Client Profile

StormTrap Finding Concrete Solutions for Managing Stormwater

June 2019 / 4 min read
Banner image

Climate change and a warming world are leading to greater amounts of moisture in the atmosphere, giving rise to more volatile weather events. These include larger and more intense hurricanes and other storms that have battered cities, towns and rural areas with flooding that can swamp stormwater systems.

"More frequent and intense downpours, projected for all regions of the country, can overwhelm the design capacity of municipal stormwater management systems," the Environmental Protection Agency says. "Overwhelmed stormwater management systems can lead to backups that cause localized flooding or lead to greater runoff of contaminants such as trash, nutrients, sediment or bacteria into local waterways."

Founded in 2002

Enter StormTrap, an American company that is growing fast from demand for its "concrete" solutions to fix the problem. Founded in 2002, StormTrap designs a variety of underground storage units made of durable, precast concrete that capture the torrents of runoff from rainfall and snow melt in towns and cities. StormTrap has installed thousands of systems as municipalities, businesses, and suburban developers seek to manage flooding and erosion caused by stormwater.

Many municipalities now realize they don't have the infrastructure to manage their stormwater properly

BOB MCCORMACK StormTrap's president and CEO

In December, StormTrap partnered with private equity firm Warren Equity Partners to work together to grow the business. William Blair was the exclusive financial advisor to StormTrap.

"Many municipalities now realize they don't have the infrastructure to manage their stormwater properly," says Bob McCormack, president and CEO of StormTrap.

One way landowners can manage stormwater is in above-ground retention ponds. But many times that requires them to buy more land—a limited option as communities expand.

"You can accomplish the same thing on a smaller footprint by putting a stormwater management solution under a parking lot or under green space" says McCormack. "So you're able to reclaim some of that land from a sustainability point and you can operate on a smaller footprint."

Construction site
A StormTrap project at Keller Lake, Burnsville, Minnesota

Take city parks as an example. "What we're seeing in the public sector is that municipalities will take an established park and are retrofitting it with a StormTrap system underneath the park," McCormack says.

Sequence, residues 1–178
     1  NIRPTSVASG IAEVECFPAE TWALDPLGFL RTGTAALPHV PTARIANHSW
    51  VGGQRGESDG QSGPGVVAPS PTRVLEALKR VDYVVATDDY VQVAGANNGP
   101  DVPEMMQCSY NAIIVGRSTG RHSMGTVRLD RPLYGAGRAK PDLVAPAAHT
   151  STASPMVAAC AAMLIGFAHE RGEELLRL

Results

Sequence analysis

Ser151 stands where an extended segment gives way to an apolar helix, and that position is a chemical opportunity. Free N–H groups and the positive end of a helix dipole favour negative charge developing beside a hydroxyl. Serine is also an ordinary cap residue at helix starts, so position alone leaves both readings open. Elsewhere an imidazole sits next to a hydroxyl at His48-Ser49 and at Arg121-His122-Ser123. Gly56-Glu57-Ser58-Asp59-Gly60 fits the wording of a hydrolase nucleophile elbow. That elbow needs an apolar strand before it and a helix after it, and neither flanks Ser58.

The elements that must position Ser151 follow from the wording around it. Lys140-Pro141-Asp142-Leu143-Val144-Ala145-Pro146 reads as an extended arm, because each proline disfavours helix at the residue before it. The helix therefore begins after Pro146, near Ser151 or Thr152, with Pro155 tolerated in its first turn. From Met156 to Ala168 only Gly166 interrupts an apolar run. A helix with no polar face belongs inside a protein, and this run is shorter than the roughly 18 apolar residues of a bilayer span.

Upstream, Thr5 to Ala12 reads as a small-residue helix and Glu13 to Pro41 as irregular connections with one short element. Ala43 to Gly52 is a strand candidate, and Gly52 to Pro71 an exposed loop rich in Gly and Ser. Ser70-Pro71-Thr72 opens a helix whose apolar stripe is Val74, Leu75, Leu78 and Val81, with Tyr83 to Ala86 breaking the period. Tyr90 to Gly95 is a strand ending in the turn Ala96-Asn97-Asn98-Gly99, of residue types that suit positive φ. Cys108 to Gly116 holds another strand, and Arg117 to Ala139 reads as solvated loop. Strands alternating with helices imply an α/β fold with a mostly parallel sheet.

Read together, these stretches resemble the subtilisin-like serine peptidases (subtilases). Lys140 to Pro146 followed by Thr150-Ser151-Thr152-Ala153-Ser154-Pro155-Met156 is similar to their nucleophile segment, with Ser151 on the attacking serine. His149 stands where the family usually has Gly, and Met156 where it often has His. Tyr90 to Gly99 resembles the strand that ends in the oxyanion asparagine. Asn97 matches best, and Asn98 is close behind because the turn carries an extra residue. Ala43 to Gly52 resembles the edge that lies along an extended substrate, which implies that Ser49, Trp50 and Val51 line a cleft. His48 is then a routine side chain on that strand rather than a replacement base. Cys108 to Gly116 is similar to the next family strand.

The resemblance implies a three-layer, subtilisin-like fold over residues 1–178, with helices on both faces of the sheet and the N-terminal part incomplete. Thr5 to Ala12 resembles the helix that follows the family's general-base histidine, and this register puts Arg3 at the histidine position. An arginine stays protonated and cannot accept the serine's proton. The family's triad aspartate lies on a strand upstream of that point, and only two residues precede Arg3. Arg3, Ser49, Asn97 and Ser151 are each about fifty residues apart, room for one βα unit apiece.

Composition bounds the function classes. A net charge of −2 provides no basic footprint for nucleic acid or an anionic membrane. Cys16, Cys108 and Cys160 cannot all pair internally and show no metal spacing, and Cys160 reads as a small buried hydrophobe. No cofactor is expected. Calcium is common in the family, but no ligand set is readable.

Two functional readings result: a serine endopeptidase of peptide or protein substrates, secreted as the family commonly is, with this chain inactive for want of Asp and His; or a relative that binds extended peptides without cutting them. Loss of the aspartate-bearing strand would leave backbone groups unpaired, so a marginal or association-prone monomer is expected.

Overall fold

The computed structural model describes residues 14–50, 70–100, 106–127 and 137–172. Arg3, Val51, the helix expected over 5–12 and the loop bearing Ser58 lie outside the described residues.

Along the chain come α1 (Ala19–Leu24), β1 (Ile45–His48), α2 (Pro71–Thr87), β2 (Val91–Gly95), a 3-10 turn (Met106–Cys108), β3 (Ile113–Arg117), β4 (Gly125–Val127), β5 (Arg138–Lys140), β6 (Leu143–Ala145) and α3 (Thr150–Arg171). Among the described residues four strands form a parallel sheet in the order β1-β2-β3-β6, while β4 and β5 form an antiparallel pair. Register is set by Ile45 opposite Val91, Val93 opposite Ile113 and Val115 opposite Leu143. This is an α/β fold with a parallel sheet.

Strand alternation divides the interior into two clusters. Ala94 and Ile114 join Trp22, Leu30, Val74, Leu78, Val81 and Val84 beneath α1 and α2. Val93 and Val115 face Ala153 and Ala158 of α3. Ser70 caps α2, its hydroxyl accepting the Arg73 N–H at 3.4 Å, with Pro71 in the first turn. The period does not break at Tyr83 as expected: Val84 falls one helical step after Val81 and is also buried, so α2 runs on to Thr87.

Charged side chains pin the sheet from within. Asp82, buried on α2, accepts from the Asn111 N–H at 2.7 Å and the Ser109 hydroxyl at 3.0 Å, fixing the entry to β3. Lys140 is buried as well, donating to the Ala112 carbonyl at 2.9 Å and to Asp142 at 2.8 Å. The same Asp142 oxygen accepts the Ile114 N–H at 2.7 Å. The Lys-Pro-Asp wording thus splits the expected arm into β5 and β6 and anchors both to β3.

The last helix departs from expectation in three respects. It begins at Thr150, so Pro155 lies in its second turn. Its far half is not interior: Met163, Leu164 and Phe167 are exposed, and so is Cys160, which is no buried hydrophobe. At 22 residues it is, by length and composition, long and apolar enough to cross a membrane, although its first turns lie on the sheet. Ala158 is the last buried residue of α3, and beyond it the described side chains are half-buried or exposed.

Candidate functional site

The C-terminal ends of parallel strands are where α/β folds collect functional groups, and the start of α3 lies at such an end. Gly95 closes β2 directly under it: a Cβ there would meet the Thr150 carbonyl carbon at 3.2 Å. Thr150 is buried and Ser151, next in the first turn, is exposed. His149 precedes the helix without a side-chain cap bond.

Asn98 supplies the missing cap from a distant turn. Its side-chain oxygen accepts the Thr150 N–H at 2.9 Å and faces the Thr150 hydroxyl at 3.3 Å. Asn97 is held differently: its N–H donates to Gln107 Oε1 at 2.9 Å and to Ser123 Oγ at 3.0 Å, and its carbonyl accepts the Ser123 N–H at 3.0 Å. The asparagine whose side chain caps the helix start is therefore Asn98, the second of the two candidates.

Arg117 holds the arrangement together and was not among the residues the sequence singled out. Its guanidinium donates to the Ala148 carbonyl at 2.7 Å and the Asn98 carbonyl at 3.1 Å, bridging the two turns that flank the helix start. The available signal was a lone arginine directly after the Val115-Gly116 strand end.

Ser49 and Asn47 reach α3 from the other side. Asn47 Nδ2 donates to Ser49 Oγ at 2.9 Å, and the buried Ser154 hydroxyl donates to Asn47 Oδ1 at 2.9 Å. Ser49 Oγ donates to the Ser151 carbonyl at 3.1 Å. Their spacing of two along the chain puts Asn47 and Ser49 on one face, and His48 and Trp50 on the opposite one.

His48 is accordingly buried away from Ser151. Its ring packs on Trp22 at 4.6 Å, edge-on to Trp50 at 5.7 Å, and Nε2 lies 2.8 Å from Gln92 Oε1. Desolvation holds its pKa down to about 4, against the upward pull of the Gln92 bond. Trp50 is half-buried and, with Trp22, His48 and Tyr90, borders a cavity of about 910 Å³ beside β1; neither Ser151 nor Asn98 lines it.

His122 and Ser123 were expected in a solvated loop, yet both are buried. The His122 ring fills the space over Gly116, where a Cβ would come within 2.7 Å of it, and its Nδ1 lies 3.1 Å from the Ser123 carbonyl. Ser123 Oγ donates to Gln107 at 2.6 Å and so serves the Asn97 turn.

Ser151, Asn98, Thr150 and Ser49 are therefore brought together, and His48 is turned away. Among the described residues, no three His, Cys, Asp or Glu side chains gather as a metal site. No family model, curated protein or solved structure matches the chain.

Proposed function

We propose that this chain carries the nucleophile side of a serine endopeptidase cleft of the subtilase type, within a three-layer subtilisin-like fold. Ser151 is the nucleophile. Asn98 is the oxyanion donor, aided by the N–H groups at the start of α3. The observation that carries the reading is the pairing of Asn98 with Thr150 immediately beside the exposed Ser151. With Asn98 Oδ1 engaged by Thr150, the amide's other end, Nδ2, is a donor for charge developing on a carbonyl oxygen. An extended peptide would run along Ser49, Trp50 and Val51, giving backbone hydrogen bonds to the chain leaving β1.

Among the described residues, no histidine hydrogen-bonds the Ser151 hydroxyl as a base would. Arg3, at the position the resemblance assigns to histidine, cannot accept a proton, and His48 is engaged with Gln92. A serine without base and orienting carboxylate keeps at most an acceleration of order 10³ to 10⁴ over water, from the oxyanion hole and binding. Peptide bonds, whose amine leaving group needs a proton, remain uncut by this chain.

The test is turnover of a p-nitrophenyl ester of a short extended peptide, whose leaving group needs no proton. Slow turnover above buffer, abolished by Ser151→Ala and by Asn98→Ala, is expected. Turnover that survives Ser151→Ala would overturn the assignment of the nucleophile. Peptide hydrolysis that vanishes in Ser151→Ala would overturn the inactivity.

That solution is becoming particularly popular in California, for example, as municipalities redesign or create new parks with large StormTrap vaults underneath to manage rainfall. Moreover, StormTrap has engineered its solutions to also allow towns to store, clean, and reuse the water within their municipality, McCormack says.

In California, which is seeing both drought and storm cycles, that makes StormTrap even more attractive to municipal planners.

Suburban flooding feeds innovation

StormTrap was the brainchild of Utility Concrete Products of Morris, Illinois, which had decades of experience in the precast concrete business.

In the late 1990s, the fast-growing Chicago suburban town of Plainfield began seeing problems with stormwater runoff and flooding as more streets, buildings and parking lots replaced green spaces. The EPA had also just released new regulations requiring local municipalities and industries to better manage stormwater and reduce pollutants in runoff.

"A local funeral home was looking to expand its operation but was unable to accommodate both the additional parking that it desired as well as the new stormwater requirements," said Jamie Hawken, a member of the founding family of Utility Concrete and StormTrap.

The civil engineer working on the expansion reached out to Utility Concrete asking for ideas to help. Their solution was the initial prototype of StormTrap: a precast concrete tank buried under the funeral home's parking lot to trap the stormwater then release it slowly into the municipal system.

The design was patented in 2002 and has been re-engineered over the years to increase efficiency and applications.

Today, one of StormTrap's main product lines consists of precast modular units, ranging in size from 2 feet to 15 feet high. They fit together like pieces of a puzzle—imagine concrete LEGOs—to custom fit each job on-site and create an underground tank that traps water.

The units have also been specially re-designed for use in California and other areas of the world prone to seismic activity.

View StormTrap site construction video

Growth industry

Given the growing incidence of powerful storms, McCormack sees bright prospects for StormTrap's solutions domestically and overseas. The company already has licenses in Canada, Australia, and Malaysia and sees more projects likely in Asia.

"Certainly the China market is of key interest to us because of the sponge city initiatives," McCormack says, citing China's multi-billion-dollar green stormwater infrastructure plan.

China in 2015 announced plans to construct flood-ready "sponge cities" that can divert and soak up flood water. Initially, 16 cities were going to participate but the number has grown to 30. The country's central planners also want at least 70% of their rainwater to be re-used by 2020.

"StormTrap is well-positioned to continue to serve the growing demand for stormwater management systems, and we are excited to help the company expand their geographic footprint and product offering," says Warren Equity partner Scott Bruckmann.